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Bloating and Fibre in a Vegan Diet

written by Marlene Watson-Tara July 14, 2020
Bloating and Fibre in a Vegan Diet

If there’s one thing the western diet lacks, it’s fibre. Daily recommendations are set at 25 to 30 grams, but less than 3 percent of people consume that much. In fact, most are getting an average of only 15 grams per day. By contrast, among more than 71,000 subjects participating in the Adventist Health Study-2, those consuming a vegan diet (5,694 subjects) consumed an average of 46 grams of fibre daily.

Fibre is essential for digestive wellness and performs other health-promoting functions, including binding and removing excess cholesterol from the body. Unfortunately, switching from a low-fibre diet to a plant-based diet naturally high in fibre can cause some uncomfortable — and sometimes embarrassing — problems. Why do these problems arise and what can be done to minimize those problems while enjoying the most nutritious diet possible? It takes a few days for your gut bacteria to shift to the species that feed on plant-based foods.

Getting to Know Your Fibre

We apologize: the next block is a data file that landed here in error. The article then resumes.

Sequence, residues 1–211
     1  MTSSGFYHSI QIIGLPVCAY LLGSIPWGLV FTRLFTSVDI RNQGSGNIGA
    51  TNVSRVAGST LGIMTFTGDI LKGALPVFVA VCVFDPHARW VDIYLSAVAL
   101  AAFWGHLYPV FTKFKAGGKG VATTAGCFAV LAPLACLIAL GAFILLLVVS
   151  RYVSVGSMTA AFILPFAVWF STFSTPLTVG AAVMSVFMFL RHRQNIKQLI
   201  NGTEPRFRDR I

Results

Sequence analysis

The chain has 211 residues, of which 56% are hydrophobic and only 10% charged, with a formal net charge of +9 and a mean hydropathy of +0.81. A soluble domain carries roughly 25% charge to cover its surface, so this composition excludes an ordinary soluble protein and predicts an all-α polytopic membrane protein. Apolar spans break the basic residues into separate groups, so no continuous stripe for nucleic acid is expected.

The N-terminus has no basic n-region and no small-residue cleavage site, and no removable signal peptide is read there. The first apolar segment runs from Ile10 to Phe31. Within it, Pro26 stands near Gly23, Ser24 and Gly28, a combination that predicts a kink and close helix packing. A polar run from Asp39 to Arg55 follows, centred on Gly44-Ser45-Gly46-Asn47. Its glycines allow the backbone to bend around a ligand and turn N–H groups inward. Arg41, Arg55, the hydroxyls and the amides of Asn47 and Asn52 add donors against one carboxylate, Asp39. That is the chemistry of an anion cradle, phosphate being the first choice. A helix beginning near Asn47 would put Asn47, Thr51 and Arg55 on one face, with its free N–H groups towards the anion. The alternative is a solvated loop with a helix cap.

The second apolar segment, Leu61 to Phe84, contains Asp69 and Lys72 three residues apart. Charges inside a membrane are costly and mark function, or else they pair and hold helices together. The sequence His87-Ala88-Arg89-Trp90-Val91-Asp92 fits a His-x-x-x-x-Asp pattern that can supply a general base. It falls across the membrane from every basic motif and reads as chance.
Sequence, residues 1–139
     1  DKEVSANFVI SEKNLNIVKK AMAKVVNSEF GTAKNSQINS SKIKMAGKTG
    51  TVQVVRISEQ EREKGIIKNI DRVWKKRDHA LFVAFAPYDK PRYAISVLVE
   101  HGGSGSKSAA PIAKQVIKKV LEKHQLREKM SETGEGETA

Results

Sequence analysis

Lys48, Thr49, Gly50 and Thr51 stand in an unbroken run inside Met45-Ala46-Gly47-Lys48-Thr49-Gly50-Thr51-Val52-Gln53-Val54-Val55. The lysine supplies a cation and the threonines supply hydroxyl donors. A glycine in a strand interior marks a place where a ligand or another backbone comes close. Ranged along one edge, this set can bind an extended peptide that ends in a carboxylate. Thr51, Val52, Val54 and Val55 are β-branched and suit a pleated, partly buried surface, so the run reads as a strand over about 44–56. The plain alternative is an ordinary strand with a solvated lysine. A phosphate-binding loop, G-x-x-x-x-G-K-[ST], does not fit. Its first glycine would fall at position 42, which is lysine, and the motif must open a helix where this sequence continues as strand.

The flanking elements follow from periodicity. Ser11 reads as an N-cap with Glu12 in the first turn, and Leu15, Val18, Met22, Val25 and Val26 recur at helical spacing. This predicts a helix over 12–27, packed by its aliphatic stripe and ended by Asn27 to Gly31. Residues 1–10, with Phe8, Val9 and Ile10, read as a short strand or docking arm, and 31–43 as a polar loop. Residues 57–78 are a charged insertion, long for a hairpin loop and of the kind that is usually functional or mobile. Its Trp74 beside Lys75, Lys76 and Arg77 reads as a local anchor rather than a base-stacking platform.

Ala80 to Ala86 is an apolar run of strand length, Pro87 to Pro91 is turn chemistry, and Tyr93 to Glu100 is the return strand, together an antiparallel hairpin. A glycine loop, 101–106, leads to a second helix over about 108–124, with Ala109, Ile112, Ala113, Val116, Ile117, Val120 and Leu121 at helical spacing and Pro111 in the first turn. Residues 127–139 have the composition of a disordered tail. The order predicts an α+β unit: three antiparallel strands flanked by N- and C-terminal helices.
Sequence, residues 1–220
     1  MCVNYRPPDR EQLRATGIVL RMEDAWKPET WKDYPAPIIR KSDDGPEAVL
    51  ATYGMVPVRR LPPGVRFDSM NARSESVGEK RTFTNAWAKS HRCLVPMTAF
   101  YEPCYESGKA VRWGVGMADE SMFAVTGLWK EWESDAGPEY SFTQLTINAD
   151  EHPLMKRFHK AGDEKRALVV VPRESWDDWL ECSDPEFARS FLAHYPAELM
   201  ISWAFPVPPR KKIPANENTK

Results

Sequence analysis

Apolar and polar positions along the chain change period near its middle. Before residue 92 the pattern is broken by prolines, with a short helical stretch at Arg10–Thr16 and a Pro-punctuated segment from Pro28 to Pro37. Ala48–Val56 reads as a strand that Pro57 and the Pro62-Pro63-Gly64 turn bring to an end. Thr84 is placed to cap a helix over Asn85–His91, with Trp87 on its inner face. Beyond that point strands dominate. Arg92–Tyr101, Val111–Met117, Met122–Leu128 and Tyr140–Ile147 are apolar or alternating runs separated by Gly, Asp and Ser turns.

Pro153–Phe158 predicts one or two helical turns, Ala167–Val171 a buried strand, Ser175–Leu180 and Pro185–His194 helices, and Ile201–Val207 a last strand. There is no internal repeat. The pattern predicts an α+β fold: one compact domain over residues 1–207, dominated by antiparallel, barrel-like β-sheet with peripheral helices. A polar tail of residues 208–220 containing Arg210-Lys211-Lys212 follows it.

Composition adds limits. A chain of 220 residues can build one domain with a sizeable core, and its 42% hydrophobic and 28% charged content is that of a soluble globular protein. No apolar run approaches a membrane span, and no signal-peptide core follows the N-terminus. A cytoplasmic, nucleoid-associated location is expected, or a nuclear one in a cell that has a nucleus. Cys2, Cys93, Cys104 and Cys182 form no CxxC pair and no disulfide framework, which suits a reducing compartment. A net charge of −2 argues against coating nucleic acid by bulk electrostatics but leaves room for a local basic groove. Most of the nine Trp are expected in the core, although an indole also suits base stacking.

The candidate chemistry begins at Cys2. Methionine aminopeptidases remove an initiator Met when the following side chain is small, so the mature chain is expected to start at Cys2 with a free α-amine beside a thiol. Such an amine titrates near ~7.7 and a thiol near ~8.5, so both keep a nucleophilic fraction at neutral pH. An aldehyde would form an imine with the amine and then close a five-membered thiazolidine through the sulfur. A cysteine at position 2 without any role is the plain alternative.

Plant-based foods provide two kinds of fibre:

Soluble fibre, found in foods like beans and fruit, dissolves in liquid and feeds beneficial gut bacteria. It also pulls water into the stool, making it softer and easier to pass.

Insoluble fibre doesn’t dissolve in water but serves to add bulk to stool and help you stay regular. This includes resistant starch, a variety of fibre associated with the feeling of satisfaction and fullness experienced after a nutritious plant-based meal. Although both types of fibre promote digestive health, the paradox of plant-based diets is that increased fibre intake can make your digestion seem to get worse at first instead of better.

Beans, Brassicas, and Bloating

Switching from a western diet to a whole food, plant-based vegan diet may mean more than doubling your fibre intake almost overnight. Some of the highest fibre foods in plant-based vegan diets may also be the worst offenders when it comes to digestive complaints during the transition.

Beans contain resistant starch and cellulose fibres along with sugars like raffinose, galacto-oligosaccharides, and fructans. Brassicas, commonly called cruciferous vegetables, are also sources of raffinose. Fruit delivers a dose of natural fructose and sorbitol. All plant foods contain cellulose.

When you start to consume these fibres and sugars for the first time or greatly increase your intake, your body may be unprepared to deal with the sudden change. It takes a few days for your gut bacteria to shift to the species that feed on plant-based foods, and when they do, they get busy fermenting compounds relatively alien to your body.

The result? Some people experience digestive discomfort, bloating, or embarrassing flatulence, making them reluctant to continue with their plant-based vegan meals.

Dealing With Fibre Side Effects

Since all of the foods with the potential to cause fibre-related problems are big players in a plant-based diet, what can you do to minimize the risk of unpleasant side effects?